The door safeguards the sheep by keeping those within from going out, and by protecting them from strangers who want to come in. And this applies to Christ, for he is our safeguard and protection.
And a door is a literal go-between by which one is granted entry to an interior. In the case of Christ the Gate, he personally shepherds us to greater intimacy with himself. Again quoting St. Thomas:
Now the purpose of a door is to conduct one into the inner rooms of a house, and this is fitting to Christ, for one must enter into the secrets of God through him.
Jesus calls himself the gate, the door as an invitation, wooing us to “enter in” to life and closeness with him. Nothing is more vital than this unity. “Christ is the door; he is the way; he is the bridge. In him the connection is made between the divine and the human. Union with him is the possession of God for one’s own” (Antonin Sertillanges). To drive home this point, look at how William Dyce has adorned the door: The gate is draped and laced with a climbing vine. Jesus will tell his disciples a little later: I am the vine, you are the branches. He who lives in me and I in him will produce abundantly, for apart from me you can do nothing (Jn 15:5).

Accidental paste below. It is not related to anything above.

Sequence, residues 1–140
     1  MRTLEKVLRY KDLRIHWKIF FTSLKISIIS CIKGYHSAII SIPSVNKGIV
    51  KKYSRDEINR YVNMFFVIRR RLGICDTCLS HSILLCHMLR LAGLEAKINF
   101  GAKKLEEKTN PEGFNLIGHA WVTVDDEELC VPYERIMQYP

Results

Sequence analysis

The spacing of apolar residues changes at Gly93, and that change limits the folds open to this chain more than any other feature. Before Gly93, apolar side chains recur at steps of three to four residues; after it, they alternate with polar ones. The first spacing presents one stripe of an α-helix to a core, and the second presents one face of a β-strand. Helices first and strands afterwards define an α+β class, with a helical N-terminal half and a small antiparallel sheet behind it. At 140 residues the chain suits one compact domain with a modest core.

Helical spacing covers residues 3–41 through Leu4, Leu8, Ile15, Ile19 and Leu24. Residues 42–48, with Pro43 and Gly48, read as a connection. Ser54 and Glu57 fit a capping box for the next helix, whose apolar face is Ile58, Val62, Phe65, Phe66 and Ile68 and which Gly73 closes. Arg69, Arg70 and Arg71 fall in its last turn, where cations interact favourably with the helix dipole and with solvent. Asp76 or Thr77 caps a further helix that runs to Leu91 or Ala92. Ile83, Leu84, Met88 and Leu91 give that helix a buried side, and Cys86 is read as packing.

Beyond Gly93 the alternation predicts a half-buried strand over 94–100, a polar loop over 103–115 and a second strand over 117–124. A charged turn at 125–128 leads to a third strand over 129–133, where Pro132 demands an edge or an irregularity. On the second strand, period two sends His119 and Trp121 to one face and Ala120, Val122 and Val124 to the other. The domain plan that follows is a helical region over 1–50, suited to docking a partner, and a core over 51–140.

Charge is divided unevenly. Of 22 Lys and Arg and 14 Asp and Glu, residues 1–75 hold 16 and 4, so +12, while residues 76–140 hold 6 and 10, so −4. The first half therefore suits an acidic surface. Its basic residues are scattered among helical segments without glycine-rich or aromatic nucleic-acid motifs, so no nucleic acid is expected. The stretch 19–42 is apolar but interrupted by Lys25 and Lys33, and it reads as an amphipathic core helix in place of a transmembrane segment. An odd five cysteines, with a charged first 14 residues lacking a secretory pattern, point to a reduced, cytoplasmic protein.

God reveals to St. Catherine of Siena:
This is why eternal Truth said, “I say that no one can come to me except by means of my Only-Begotten Son; for he is the one who made the way you must follow. He is way, truth, and life. They have reached the gate of truth and passed through it to find themselves in the peaceful sea with those who are truly joyful.”